• the spouse or another related person
    If you transferred or sold property to a related person, this individual may be required to reimburse the difference between the market value of this property and the amount paid for it.
  • the directors of a related company
    If a company still owes the GST and HST or QST it perceived or if it has not remitted its payroll deductions, the CRA and Revenu Québec may hold the directors jointly responsible for the debt of the company.

To reduce your income tax debts, the CRA can also seize your GST/HST credit if you are entitled to it. Revenu Québec may, on the other hand, seize your solidarity tax credit (STC). Both organisations can also issue a statutory set-off to seize monies other government department may owe you, including tax refunds.

Interests and penalties for income tax debt

Clearly, if you carry income tax debt, you are well advised to get rid of them promptly. By doing so, you will avoid recovery actions against you.

It is worth mentioning here that income tax debt should be paid within the prescribed time to avoid an accumulation of the interest charges. The CRA and Revenu Québec can impose penalties for various motives, including the following two most frequent reasons:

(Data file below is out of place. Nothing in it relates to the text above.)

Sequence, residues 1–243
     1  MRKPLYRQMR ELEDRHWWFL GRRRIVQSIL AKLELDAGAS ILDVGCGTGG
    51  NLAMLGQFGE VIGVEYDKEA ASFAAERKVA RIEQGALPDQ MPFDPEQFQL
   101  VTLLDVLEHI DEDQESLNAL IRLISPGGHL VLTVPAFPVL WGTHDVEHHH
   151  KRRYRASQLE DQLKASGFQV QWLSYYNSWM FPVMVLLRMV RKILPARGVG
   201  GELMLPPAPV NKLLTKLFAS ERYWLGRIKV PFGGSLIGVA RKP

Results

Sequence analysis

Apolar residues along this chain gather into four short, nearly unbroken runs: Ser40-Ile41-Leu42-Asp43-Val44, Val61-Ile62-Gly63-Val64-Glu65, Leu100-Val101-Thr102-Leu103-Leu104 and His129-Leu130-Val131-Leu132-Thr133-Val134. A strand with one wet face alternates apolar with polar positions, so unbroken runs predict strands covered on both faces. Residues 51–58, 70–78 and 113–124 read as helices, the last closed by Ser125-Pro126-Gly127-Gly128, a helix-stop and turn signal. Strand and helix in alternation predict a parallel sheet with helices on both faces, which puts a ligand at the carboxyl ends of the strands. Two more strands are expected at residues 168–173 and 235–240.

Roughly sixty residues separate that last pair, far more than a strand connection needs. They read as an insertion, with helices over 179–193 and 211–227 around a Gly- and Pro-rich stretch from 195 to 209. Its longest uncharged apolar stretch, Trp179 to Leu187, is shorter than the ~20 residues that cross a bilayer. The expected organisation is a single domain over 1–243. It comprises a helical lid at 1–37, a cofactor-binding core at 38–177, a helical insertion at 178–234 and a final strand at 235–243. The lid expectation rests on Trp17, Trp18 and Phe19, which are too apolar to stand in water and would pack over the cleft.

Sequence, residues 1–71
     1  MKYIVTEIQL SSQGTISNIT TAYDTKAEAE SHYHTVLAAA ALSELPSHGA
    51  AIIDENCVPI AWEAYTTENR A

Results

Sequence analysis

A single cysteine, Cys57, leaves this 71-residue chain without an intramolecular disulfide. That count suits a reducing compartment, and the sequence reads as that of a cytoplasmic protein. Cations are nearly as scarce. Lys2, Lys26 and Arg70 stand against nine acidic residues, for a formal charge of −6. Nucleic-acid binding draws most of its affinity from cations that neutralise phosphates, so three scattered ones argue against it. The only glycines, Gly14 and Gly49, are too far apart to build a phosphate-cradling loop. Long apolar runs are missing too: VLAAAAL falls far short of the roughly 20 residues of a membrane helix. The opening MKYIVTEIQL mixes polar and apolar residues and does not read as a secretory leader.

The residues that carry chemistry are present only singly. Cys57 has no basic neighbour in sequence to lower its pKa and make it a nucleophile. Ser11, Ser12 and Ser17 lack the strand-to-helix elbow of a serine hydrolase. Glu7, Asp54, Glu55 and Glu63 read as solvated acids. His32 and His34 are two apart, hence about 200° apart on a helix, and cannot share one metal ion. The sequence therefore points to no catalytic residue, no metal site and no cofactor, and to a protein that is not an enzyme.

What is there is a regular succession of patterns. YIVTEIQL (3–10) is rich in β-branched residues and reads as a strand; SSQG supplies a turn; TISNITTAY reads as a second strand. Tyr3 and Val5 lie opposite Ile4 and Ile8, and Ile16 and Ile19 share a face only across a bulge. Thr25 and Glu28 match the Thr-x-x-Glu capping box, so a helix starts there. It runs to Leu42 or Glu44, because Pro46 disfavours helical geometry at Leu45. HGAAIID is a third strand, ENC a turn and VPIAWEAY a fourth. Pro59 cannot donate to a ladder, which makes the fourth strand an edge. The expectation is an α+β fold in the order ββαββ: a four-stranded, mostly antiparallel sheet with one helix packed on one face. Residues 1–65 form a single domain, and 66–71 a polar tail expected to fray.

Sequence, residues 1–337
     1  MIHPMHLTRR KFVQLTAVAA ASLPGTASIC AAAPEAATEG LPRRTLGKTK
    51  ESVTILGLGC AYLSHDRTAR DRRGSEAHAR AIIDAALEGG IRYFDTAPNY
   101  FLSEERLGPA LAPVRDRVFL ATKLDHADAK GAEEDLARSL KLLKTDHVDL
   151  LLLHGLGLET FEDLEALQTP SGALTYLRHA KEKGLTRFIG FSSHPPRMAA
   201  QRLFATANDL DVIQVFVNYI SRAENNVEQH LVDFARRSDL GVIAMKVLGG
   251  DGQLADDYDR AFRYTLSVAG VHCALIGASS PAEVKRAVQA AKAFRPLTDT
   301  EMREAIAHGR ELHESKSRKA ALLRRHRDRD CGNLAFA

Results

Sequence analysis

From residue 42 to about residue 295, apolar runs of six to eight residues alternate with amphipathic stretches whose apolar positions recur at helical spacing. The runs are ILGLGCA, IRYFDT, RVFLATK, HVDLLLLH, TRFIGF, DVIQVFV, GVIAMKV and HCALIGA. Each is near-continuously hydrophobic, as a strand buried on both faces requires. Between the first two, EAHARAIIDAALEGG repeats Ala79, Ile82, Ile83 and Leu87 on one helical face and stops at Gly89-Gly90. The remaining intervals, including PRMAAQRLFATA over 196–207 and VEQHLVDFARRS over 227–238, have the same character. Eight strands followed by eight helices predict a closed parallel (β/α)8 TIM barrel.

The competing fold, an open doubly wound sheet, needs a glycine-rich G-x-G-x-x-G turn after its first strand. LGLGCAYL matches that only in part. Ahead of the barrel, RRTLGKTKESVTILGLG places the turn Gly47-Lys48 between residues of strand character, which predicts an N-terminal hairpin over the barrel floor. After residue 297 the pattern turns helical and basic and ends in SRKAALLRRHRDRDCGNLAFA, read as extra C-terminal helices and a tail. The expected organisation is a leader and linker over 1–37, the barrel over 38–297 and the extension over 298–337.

• Late filing penalty
    A 5% penalty is automatically added to any amount due at the tax return filing deadline. Moreover, a penalty of 1% will be calculated for every successive full month of delay.
  • Interest rates on income tax debt
    Not surprisingly, the CRA and Revenu Québec impose penalties for income tax and other fiscal debts outstanding on the due date. The interest rates used to determine these penalties are reviewed every three months. They are listed on the CRA and Revenu Québec sites.

If you reimburse your income tax debt within the prescribed time, you will avoid penalties and other legal and financial actions.

If you are unable to reimburse your income tax debt, do not ignore the problem. Just consider that there are solutions. Remember also that, contrary to popular belief, income tax debt can be included in a bankruptcy or a consumer proposal.

For any question on income tax debt or on the means to make it through, do not hesitate to contact a Licensed Insolvency Trustee. The first meeting is always free and without obligation. Discretion is assured.

P.S.: The specific operational procedures of the CRA and Revenu Québec governing recourses and penalties are explained here together for the sole purpose of simplifying the reading. Any text referring to Revenu Québec evidently applies only to Québec residents.

Chantal Gingras, CIRP, LIT

Licensed Insolvency Trustee

Chantal Gingras has been with Ginsberg Gingras since 1993. She has a sound footing in commercial and personal insolvency. She became a Licensed Insolvency Trustee in 1999.

Ms. Gingras is a very active member of the community and deeply involved in many professional associations.

She took over the presidency of the company from Claude B. Gingras on January 1st, 2013.